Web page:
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In this Photoshop for Designers course, Nigel French focuses on the tools and features in Photoshop designed for choosing, applying, and editing color. The course looks at concepts such as the color wheel and color harmonies as well as the practicalities of using the Color Picker, leveraging the power of color channels, and the characteristics of different color modes in Photoshop. The course includes exercises on correcting color, enhancing color, shifting and replacing colors, working with spot color channels, hand coloring black and white images, and designing with a reduced color palette.
Sometimes when you want to affect a particular color in an image, it's unnecessary to first select it. You can target that color using Hue/Saturation. I am going to come and apply Hue/ Saturation as an adjustment layer; it's always preferable to do this nondestructively. So I am doing it here rather than here. And then I am going to identify the cause that I wish to change. Before I do that though, I just want to point out that Hue/Saturation uses the same color model as Photoshop's Color Picker; Hue to affect the color, Saturation to affect the intensity of the color, and Lightness to affect the Brightness or the value of the color.
So we're off to affecting the Reds in this image, I would like to change the color of this telephone box. And I can do this in a couple of different ways. Because the Reds are so distinctly red, I could just come and choose Reds and then move the Hue Slider, but I might get a better result if I first of all choose my Eyedropper and let Photoshop know exactly what Reds I mean, because color is a very subjective thing. So I can get this Eyedropper and then just click on it, and as I do so you may see these color bars down here on my Color Spectrum just shift ever so slightly.
And what these are reflecting are the colors that are about to be affected by what I am going to do next. Between here and here, the colors are going to be completely affected, and then we have a drop-off from here to here, where they're only partially affected, and from here to here, where they're only partially affected. That's one way of doing it, or I could use the Targeted Adjustment tool. Same difference really, I actually prefer to do it the way I have just done it, which is the older way of doing things. I find the Targeted Adjustment tool not quite to my liking.
Anyway, having targeted the colors, all I do now is move the Hue Slider and we have a purple telephone box, as simple as that. The other colors in the image don't shift, because there are no other Reds in the image. Not entirely true. If we look at the chimneypots up here, they are red, and they are shifting a bit, but does it matter? Well, not really, I don't think. But if they were other Reds, then they would be affected. So let's take a look at a slightly more complicated example. Let's say I want to give this houseboat a paint job.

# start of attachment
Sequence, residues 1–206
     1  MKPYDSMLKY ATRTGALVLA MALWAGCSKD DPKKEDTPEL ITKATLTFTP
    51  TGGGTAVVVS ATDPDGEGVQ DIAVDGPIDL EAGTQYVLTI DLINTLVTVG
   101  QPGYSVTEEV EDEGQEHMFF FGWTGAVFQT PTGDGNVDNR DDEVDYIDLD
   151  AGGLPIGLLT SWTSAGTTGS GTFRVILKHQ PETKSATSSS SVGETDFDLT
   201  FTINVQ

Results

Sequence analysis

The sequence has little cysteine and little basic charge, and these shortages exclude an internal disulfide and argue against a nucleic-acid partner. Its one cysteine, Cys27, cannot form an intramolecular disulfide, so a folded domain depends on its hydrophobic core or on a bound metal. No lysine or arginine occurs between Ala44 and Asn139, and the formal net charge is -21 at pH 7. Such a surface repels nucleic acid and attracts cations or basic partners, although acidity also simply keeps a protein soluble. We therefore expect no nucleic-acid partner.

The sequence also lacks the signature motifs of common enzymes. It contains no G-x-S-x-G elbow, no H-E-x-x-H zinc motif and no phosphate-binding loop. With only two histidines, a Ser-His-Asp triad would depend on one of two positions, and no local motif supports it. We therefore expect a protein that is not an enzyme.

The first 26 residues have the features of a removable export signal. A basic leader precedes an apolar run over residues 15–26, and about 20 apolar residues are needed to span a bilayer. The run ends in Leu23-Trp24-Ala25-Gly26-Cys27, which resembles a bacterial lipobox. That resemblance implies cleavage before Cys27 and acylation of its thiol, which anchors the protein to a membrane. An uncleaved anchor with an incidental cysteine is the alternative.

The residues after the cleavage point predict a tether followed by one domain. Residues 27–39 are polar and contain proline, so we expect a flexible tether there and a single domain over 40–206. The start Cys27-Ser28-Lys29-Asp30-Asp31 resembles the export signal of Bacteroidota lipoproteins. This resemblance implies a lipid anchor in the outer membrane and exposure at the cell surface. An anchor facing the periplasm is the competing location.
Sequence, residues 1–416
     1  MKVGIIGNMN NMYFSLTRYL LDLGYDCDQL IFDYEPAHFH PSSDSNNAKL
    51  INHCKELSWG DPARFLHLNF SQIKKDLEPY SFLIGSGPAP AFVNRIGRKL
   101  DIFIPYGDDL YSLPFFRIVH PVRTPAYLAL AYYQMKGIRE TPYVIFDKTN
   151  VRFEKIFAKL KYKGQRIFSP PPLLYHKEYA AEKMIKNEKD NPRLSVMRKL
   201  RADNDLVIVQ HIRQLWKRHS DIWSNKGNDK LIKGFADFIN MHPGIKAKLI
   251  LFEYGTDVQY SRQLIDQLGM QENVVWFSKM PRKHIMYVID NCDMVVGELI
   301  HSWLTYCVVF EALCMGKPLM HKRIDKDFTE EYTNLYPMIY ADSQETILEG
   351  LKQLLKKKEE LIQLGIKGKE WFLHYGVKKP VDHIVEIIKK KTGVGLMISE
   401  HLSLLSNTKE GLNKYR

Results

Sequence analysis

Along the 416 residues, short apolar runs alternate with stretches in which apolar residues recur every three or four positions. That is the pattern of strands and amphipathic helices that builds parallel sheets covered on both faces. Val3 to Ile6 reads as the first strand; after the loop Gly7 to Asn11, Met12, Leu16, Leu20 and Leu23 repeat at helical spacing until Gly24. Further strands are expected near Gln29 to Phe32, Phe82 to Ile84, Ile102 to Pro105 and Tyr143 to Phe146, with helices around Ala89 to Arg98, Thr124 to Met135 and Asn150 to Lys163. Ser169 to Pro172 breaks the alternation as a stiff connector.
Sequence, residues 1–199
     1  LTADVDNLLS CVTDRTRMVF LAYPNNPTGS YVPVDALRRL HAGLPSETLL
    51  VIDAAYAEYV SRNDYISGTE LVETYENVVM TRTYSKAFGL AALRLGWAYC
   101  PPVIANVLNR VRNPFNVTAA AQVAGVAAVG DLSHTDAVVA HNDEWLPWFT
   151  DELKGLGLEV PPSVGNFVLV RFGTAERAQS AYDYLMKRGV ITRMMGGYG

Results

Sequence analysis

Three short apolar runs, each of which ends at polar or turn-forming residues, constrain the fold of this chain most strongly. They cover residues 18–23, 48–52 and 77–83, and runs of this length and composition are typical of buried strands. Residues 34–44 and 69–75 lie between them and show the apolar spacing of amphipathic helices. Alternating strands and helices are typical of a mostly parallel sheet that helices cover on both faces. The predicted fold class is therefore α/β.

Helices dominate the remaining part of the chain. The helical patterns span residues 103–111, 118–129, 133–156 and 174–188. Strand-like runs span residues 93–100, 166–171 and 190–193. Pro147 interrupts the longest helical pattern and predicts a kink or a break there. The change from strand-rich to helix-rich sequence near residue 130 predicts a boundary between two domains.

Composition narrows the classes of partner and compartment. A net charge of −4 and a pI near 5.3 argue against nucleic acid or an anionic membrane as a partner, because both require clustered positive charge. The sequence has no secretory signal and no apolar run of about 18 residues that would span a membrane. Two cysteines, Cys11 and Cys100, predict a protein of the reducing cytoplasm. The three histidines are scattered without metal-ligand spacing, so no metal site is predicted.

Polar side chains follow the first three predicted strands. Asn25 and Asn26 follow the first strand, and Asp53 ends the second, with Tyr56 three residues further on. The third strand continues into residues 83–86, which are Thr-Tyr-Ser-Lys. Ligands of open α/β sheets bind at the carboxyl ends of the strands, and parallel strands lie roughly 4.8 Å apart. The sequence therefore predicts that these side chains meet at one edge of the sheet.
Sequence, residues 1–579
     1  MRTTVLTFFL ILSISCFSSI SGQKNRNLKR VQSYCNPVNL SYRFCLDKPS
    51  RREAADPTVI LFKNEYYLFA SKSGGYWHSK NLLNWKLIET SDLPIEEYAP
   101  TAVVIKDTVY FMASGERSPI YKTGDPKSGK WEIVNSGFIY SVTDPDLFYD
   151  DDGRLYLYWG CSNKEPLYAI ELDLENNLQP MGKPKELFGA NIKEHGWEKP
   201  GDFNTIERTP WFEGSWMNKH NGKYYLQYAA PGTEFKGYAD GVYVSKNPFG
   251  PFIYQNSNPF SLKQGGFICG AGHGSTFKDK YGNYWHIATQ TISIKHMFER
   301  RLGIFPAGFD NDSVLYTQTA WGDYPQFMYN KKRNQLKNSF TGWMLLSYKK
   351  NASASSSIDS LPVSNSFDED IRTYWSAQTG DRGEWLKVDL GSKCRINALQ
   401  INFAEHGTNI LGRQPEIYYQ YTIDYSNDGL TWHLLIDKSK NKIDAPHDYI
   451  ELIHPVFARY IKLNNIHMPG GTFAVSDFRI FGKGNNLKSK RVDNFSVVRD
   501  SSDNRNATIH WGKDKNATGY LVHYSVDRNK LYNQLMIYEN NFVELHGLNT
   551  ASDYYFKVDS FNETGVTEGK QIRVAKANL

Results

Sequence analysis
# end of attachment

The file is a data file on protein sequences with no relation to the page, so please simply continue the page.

Well, I can come to my Hue/ Saturation Slider and this time I will use the Targeted Adjustment, I will click on that. And I will then click to identify the colors that I am interested in shifting, and it's the Yellows, they are identified as such, and there is the range of colors that I am about to affect. And now, if I just drag to the right I increase the Saturation, drag to the left I decrease the Saturation, but I am after affecting the Hue, so I hold down the Command key or the Ctrl key and drag to the right or to the left.
And I am going to go to the left. I think I would like an orange houseboat. And of course the problem is that, yes, I get an orange houseboat, but I also get orange daffodils. So this is a slightly more complicated example and this is going to involve the intervention of a layer mask. We already have a layer mask here. It comes with the Hue/ Saturation adjustment layer. I am going to now fill this with black. Black is currently, in my case, my Background Color, so I am going to press X to make it my Foreground Color, press Alt or Option and my Backspace/Delete key to fill my layer mask with Black, effectively invalidating in my previous change.
I am now going to press B to choose a Brush tool and if necessary adjust the size of my brush, and make sure that White is my foreground color. And now, without needing to be particularly accurate, I am going to paint over my houseboat so that I restore the effect of that Hue/Saturation adjustment. And the reason I can be relatively sloppy here is because the areas that I am painting over, the white of the paint trim and the door, they don't have any Yellows or negligible Yellows in them to shift, so they are not going to be affected by this Hue/ Saturation adjustment layer anyway.
It's just the daffodils really in the foreground and the hull of this yacht here that would be slightly affected. So I can just paint over this general area to get the result that I want. And now that that's in place, I can update my color scheme to my heart's desire. So using this mask I can just come back to my Hue/Saturation adjustment layer and I can move one way or the other, and we can have a different paint job every day of the week and it's only going to affect the houseboat itself.
So the takeaway message here is that sometimes you don't need to select your colors by area using your Selection tools, but rather you can target them by color.
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